Chisholm: Free will and Moral Responsibility Essay example

Submitted By jawad90
Words: 1083
Pages: 5

904142925 Chisholm Jonathan Gingerich

Chisholm presents a very interesting theory of moral responsibility. He asserts that we are morally responsible, and concludes with idea that both determinism and indeterminism are false. The idea being that neither of these theories are applicable to moral responsibility given what these theories entail. Chisholm gives different reasons as to why determinism/indeterminism and moral responsibility are mutually exclusive. He gives his account of moral responsibility in the form of an argument which I will explicate in the paper. I will also provide definitions for the key terms Chisholm employs, and how these terms tie in with the overall argument he presents. This paper will also raise a reasonable objection to this argument, whilst elaborating on why it is a good or valid objection to the argument.
Before constructing Chisholm’s argument, we must first establish what he means by determinism and indeterminism. Determinism according to Chisholm, is when every event is caused by another event. He believes that if determinism is true, then every event is caused by the previous event. His definition of indeterminism is, some event essential to the act itself is uncaused. Chisholm’s definitions are very intuitive, and he uses these definitions to elaborate on why moral responsibility is incompatible with both determinism and indeterminism. Moral responsibility for Chisholm is when a certain event or state of affairs is brought about by a person, and that event was in his power. An important note Chisholm makes, relates to the idea that moral responsibility is only applicable if the person had the power to do otherwise, and bring about a different state of affairs. Chisholm’s claims that determinism and indeterminism do not fit with moral responsibility, concluding that some events are caused by agents. His argument is as follows: 1. Id determinism is true, then events are causally related, and every event is caused by another event. 2. If in fact determination is true, it is indicates that we are not morally responsible. 3. If indeterminism is true, then some event essential to the action is not caused. 4. If indetermination is true, we are not morally responsible. 5. However, we are morally responsible. 6. Thus neither determinism nor indeterminism is true. 7. If so, then the cause of some events is a person, specifically an agent.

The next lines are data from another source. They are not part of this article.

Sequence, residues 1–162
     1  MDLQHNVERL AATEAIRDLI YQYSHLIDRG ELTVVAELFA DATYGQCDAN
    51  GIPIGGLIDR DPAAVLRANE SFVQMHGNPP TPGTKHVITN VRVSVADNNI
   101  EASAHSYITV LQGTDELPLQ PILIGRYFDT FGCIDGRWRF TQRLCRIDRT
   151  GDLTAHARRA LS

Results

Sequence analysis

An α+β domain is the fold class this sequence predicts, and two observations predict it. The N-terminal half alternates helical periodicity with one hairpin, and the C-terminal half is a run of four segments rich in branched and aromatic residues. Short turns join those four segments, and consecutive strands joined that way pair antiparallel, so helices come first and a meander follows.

In order to understand Chisholm’s argument, it is necessary to further explicate the second and fourth premises. For premise 2, P is morally responsible for X if P had the power to either perform or not perform X. However this contradicts with determinism, as if determinism was true then P would not have the power to bring about or not bring about X. Similarly for premise 4, with the distinction being that if indeterminism is true, then P would also not be able to bring about or not bring about X. Chisholm is explaining through this argument, that if either determinism or indeterminism is true, then there is no such thing as moral responsibility. He asserts in premise 5 that we are indeed morally responsible, therefore it follows deductively that both determinism and indeterminism are false. This is a very logical conclusion, and follows from the premises given. Chisholm concludes with the hypothesis that some agent must cause an event. If events cause other events (determinism) and some event essential to the action is uncaused (indeterminism) are both false, there needs to be something which initiates an event. He names this cause as an agent, which has no previous causes. The key distinction being made is that an agent is not an event, it is something which is uncaused and essentially what sets events in motion. He states that events are transuent causes, and defines these causes as a state of affairs brought about by one event causing another. However an agent is an immanent cause, which is what initially causes the transient…